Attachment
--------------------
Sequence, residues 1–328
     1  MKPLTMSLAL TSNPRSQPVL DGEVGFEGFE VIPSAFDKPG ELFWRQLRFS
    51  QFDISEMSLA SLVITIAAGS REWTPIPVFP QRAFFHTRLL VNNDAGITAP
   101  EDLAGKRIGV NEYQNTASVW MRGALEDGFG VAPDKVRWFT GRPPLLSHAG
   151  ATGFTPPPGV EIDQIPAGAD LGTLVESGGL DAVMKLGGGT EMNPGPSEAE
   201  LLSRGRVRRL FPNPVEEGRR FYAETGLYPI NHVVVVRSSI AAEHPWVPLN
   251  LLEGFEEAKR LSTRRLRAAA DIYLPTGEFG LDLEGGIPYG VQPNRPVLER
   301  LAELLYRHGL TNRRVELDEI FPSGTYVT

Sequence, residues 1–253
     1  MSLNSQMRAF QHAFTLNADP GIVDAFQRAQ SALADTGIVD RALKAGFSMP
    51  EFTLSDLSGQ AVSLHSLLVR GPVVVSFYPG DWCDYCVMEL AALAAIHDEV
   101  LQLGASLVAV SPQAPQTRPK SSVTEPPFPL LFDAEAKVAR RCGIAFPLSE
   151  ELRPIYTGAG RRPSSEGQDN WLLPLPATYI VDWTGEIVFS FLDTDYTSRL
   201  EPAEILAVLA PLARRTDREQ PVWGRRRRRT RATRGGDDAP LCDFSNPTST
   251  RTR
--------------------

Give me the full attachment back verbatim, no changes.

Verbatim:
Sequence, residues 1–328
     1  MKPLTMSLAL TSNPRSQPVL DGEVGFEGFE VIPSAFDKPG ELFWRQLRFS
    51  QFDISEMSLA SLVITIAAGS REWTPIPVFP QRAFFHTRLL VNNDAGITAP
   101  EDLAGKRIGV NEYQNTASVW MRGALEDGFG VAPDKVRWFT GRPPLLSHAG
   151  ATGFTPPPGV EIDQIPAGAD LGTLVESGGL DAVMKLGGGT EMNPGPSEAE
   201  LLSRGRVRRL FPNPVEEGRR FYAETGLYPI NHVVVVRSSI AAEHPWVPLN
   251  LLEGFEEAKR LSTRRLRAAA DIYLPTGEFG LDLEGGIPYG VQPNRPVLER
   301  LAELLYRHGL TNRRVELDEI FPSGTYVT

Sequence, residues 1–253
     1  MSLNSQMRAF QHAFTLNADP GIVDAFQRAQ SALADTGIVD RALKAGFSMP
    51  EFTLSDLSGQ AVSLHSLLVR GPVVVSFYPG DWCDYCVMEL AALAAIHDEV
   101  LQLGASLVAV SPQAPQTRPK SSVTEPPFPL LFDAEAKVAR RCGIAFPLSE
   151  ELRPIYTGAG RRPSSEGQDN WLLPLPATYI VDWTGEIVFS FLDTDYTSRL
   201  EPAEILAVLA PLARRTDREQ PVWGRRRRRT RATRGGDDAP LCDFSNPTST
   251  RTR